Joke van der Leeuw-Roord speaking about History Heritage, Education and Citizenship Education through the lenses of the EUROCLIO Community during the Life Long Learning Week 2016.
On 11 October 2016 founder and special advisor of EUROCLIO, Joke van der Leeuw-Roord was part of the panel during the event “Rethinking Education: Towards a global common good?”, to discuss a 2015 UNESCO publication with the same title. The event was organised by UNESCO in cooperation with the International Council of Adult Education (ICAE) and the European Association for Adult Education (EAEA) as part of the Life Long Learning Week 2016 in Brussels, Belgium. Van der Leeuw-Roord was asked to present EUROCLIO’s response to the publication dealing with reviewing educational structures and its aims to adapt to current and future challenges as well as to meet the Sustainable Development Goal (SDG) 4 and Education 2030.
What does it mean for History, Heritage and Citizenship Education through the lenses of the EUROCLIO Community?
Van der Leeuw-Roord considers the report as beneficial for EUROCLIO’s work as it is stresses the importance of education and learning and captures many of the views and principles we have within the EUROCLIO community and those we share with many other International organisations focusing on education.
The document goes beyond the utilitarian vision and the human capital approach, which has been dominant over the last years, and is moving focus to the quality of education and the relevance of learning. Surprisingly neither history nor history heritage education is explicitly mentioned, however the report implicitly includes many elements also found in EUROCLIO policy documents such as developing understanding of the complexity of global learning landscape and the interconnectedness and interdependency of societies, exploring alternatives of dominant knowledge, rejection of all forms of (cultural) hegemony, stereotypes and biases and building curricula based on intercultural education striking the delicate balance between pluralism and universal values.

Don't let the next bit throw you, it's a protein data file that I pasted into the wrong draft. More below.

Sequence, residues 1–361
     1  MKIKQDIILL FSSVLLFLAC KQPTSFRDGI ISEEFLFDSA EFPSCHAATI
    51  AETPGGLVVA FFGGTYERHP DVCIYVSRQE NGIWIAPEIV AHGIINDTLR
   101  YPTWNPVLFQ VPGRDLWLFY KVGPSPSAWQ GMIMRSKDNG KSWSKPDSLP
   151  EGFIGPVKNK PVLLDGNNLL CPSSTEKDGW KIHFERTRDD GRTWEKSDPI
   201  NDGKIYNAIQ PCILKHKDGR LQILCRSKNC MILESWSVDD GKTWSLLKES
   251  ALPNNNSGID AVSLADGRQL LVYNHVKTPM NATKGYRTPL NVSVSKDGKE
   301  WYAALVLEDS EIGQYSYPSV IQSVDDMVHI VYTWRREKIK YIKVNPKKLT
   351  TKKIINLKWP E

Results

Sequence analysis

According to Roord the document pays intensive attention to the needs for professional development for educators and proposes to rethink the content and objectives of teacher education and training along lines we only can applaud. We agree that a teacher should now be a guide who enables learners, to develop and advance through the constantly expanding maze of knowledge.
Roord also points out challenges in implementing the ideas and approaches as proposed in Rethinking Education such as international and national policy making, confusion of terms and concepts and lack of opportunities for practitioners.
Over the years Inter-Governmental Organisations such as UNESCO, OECD, Council of Europe and the European Union have published various relevant educational documents containing similar messages as Rethinking Education. However the stage of implementation on national levels is still rather limited. The implementation of approaches advocated in these documents is also seriously hindered by the confusion about terms and concepts. Each time there are other ways to explain the audience what is understood by concepts such as knowledge, competencies, skills, attitudes and values. Last, it is still often problematic for educators to leave the classroom and participate in (international) professional development. Governments and schools have difficulty to recognize the importance of lifelong learning, and in many countries there are limited resources available, certainly if training is not directly related to national policy priorities.